Seventeen teams from the Northeast region participated in this competition.  Ten qualifying teams, including Pace, will now have the opportunity to participate in the 2021 Northeast Regional CCDC, taking place virtually, March 19-21, through the Cyber Range and Training Center, part of the Global Cybersecurity Institute (GCI) within Rochester Institute of Technology (RIT) – the host organization for 2021.

As reported by current and former participants, competitions like NECCDC are some of the most impactful learning experiences. Pace students interested in participating in cybersecurity competitions are encouraged to connect with BergCyberSec, the Pace Cybersecurity Club (Discord: BergCyberSec) to learn of opportunities for training and collaboration.

Are you interested in pursuing a course, a degree, or a career in the exciting domain of cybersecurity? Check the Seidenberg School at Pace University’s cybersecurity course and program offerings here.

Pace University recently launched a Master of Science in Cybersecurity that aims to train the next generation of cybersecurity professionals to join an ever-growing workforce.

Pace University Students Win IBM 2020 Call for Code Global Challenge

It’s our honor to congratulate four Pace University students on winning IBM’s 2020 Call for Code Global Challenge. Three Pace alumni, Ajinkya Datalkar ‘20 (MS in Computer Science), Manoela Morais ‘20 (MS in Financial Risk management), and Chimka Munkhbayar ‘20 (MS in Entrepreneurial Studies), worked in collaboration with one of our current students, Helen Tsai ‘21 (MS in Computer Science), to develop their game-changing project.

The team worked together to develop their app, Agrolly, with the intention of helping farmers with little resources combat issues caused by climate change. Unlike larger farming industries, small farming businesses have limited access to information that can increase their chances of making smarter business decisions. That’s where Agrolly comes into play.

The team’s app provides a low-cost solution to providing farmers with long-term weather forecasts that can be used to make better judgments about the crops they should grow and when they should grow them. Other features of the app include information about crop water requirements, which is dependent on factors such as location, the type of crop, and the stage of the farm. Additionally, farmers can use Agrolly to keep in contact with other farmers and share solutions using a text and image-based forum. Agrolly also has an algorithm in place to calculate most of the risk assessments for farmers using the app.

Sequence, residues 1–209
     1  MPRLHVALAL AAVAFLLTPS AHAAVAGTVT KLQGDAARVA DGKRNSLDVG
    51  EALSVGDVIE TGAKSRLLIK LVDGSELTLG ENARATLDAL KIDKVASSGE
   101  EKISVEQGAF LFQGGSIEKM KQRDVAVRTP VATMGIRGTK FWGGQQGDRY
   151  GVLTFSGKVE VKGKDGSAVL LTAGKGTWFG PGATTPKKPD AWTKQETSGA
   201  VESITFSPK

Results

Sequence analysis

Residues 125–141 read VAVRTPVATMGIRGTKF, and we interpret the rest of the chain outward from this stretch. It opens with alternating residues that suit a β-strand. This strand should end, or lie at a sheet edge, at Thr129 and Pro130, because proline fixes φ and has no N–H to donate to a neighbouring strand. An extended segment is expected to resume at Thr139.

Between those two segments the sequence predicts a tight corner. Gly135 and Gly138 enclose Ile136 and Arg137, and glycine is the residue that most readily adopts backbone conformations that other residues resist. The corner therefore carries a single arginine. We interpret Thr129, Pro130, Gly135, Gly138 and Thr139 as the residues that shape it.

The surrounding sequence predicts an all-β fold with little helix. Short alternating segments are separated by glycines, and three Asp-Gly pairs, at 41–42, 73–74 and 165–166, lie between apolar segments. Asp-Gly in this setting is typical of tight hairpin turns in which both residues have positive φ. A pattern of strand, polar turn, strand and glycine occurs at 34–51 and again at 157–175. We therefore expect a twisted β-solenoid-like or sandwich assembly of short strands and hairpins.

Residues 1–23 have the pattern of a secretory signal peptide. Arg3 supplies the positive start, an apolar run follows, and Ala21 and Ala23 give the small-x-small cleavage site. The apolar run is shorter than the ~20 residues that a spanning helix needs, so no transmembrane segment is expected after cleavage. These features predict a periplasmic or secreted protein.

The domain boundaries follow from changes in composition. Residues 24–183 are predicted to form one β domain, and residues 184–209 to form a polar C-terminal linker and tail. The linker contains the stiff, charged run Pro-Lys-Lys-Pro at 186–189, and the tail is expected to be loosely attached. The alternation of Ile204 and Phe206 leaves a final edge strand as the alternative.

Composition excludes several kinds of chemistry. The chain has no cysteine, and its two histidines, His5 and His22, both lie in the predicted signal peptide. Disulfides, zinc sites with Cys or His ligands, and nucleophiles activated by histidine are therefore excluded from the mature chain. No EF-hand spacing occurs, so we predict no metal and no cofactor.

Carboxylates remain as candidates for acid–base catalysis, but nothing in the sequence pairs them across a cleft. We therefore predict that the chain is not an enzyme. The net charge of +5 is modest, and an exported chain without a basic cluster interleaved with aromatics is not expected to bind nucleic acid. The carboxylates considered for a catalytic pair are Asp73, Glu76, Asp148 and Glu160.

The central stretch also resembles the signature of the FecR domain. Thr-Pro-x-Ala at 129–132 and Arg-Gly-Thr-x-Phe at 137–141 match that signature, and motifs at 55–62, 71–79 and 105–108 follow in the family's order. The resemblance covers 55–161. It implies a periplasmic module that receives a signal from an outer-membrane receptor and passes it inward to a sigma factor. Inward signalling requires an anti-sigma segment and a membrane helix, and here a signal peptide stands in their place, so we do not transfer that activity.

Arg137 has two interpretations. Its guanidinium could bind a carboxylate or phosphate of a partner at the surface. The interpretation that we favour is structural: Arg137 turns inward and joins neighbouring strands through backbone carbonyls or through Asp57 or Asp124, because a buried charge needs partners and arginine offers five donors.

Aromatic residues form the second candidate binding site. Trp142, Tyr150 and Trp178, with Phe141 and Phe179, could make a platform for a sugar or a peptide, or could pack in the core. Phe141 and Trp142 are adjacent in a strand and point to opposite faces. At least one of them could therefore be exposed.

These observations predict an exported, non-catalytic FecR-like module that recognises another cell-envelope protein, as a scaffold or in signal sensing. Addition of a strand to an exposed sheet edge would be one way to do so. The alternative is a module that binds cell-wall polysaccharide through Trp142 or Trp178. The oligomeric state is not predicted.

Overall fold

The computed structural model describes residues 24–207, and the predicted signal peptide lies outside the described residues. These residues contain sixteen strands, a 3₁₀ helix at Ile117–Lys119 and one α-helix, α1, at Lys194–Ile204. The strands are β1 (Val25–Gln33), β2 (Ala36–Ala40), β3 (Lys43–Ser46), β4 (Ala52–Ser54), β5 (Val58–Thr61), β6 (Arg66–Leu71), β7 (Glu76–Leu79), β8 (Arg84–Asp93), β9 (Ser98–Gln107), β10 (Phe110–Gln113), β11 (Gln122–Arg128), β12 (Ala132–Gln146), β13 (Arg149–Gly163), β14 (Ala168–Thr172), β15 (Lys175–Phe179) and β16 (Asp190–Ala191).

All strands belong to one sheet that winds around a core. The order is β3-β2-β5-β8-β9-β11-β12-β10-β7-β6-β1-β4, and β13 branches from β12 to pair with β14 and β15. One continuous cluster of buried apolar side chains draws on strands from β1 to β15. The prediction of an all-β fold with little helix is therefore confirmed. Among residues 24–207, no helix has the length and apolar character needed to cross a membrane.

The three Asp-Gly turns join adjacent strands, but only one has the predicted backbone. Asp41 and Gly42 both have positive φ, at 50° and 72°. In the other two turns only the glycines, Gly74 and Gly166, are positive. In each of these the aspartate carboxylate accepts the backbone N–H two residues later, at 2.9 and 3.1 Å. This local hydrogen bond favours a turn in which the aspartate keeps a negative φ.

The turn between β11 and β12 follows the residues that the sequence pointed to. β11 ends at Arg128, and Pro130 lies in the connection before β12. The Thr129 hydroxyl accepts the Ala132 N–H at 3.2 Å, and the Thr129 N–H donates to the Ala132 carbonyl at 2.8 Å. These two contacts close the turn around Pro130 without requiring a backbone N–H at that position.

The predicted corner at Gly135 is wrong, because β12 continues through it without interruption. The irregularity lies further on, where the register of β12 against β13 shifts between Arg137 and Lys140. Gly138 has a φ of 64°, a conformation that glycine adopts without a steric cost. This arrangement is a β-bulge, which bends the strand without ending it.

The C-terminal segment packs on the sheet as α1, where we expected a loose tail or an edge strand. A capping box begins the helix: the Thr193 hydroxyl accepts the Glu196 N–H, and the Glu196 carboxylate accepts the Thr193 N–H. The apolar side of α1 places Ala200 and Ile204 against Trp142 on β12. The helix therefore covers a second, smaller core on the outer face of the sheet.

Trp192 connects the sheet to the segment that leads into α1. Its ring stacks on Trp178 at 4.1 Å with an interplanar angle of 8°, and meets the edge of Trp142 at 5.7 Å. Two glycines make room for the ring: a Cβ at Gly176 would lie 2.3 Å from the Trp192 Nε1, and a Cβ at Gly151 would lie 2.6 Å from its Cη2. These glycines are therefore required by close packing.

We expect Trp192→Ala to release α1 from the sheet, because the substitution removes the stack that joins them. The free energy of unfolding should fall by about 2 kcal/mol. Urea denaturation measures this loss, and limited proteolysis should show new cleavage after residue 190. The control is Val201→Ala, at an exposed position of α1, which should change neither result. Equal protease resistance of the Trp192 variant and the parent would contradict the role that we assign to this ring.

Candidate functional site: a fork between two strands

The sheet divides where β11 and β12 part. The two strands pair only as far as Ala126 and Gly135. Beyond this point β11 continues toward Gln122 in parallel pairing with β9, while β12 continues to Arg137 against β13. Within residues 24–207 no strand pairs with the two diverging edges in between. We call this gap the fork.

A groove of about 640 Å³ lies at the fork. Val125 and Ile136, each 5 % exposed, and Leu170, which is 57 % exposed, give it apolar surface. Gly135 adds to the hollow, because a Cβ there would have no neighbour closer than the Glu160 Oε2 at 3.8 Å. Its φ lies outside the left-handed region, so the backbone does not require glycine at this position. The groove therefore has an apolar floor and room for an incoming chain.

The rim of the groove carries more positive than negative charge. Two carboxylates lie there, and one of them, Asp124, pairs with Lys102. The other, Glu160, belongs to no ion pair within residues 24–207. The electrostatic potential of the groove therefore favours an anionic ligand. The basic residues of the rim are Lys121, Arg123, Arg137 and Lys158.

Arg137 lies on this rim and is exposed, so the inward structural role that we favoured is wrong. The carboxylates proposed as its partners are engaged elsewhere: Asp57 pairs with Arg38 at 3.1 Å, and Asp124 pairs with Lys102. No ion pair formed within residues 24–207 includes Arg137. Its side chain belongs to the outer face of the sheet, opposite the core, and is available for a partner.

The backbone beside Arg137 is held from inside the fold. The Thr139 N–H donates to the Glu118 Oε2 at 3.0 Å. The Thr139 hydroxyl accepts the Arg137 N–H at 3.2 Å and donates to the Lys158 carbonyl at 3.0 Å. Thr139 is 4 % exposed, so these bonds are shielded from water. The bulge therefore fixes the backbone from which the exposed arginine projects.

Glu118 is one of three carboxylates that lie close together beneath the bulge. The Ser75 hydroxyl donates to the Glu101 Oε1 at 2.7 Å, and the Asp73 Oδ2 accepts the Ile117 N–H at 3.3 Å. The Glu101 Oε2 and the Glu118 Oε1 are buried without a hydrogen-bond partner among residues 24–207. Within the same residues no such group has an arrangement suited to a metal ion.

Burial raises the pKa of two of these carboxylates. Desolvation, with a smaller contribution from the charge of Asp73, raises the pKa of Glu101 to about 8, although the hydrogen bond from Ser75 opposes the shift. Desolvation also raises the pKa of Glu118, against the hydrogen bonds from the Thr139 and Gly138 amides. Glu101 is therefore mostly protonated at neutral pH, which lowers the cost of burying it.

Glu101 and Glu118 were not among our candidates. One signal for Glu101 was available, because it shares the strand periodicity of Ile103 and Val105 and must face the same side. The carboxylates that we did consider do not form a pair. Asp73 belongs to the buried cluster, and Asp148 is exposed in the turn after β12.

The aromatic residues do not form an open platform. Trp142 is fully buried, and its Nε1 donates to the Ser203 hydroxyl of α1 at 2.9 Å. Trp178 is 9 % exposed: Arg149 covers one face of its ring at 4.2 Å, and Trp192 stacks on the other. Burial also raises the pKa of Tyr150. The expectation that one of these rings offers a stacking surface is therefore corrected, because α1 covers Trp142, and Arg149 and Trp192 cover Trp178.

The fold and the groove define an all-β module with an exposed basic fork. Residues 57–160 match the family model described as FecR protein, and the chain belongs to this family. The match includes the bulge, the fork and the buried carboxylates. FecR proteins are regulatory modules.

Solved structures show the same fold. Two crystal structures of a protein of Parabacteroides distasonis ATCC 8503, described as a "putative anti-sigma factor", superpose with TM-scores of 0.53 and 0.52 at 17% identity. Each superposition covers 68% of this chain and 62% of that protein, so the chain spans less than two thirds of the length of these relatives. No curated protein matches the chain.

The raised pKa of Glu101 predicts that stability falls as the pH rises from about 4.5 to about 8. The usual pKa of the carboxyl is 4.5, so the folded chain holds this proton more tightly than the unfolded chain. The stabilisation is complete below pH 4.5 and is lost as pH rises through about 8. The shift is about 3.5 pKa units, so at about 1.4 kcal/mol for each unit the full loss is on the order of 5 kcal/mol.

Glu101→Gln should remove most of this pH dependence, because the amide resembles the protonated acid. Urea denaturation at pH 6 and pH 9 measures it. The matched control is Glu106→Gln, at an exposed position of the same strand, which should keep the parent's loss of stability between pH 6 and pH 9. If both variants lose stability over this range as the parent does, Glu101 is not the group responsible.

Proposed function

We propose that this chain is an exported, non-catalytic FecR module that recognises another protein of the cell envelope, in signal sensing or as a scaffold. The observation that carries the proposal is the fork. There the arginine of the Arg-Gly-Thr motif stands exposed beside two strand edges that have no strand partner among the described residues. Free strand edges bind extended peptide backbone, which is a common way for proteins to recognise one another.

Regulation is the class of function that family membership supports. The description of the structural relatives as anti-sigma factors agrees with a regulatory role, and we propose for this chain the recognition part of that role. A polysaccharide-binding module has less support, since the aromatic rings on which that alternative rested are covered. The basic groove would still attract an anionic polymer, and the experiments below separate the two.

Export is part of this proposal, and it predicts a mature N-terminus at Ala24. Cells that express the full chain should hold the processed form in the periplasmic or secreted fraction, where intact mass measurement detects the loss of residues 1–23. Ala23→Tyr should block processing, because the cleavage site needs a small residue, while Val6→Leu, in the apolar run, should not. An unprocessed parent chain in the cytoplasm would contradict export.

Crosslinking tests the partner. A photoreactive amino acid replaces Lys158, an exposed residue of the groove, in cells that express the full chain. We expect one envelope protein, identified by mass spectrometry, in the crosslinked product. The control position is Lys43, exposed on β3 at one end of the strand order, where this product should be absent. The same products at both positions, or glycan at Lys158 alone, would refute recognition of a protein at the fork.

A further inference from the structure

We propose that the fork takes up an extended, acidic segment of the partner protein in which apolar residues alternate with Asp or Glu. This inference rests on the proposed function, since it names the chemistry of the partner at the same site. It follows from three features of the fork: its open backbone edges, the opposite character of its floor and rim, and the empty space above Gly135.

In response to the team’s major achievement, Seidenberg Dean Dr. Jonathan Hill says, “One of the really exciting things about our team’s win is that it was a combined team of Seidenberg students and Lubin students. One of the great values of a Pace education is that it can be so interdisciplinary. Our technology students benefit from working with students who are being educated in business, the arts, healthcare and the other disciplines at Pace. It makes for a real world experience and it makes for strong, winning teams.” IBM’s Call for Code Challenge offered Pace students of varying disciplines the opportunity to collaborate and make use of their unique skills and assets.

With the development of their app Agrolly, these students have made an impactful step towards addressing climate change, which is becoming more and more of a concerning issue. Our only hope is that their accomplishment inspires more students to make a positive change by finding solutions to real-world problems. Once again, congratulations to Team Agrolly and we hope to see this amazing app grow in both use and development.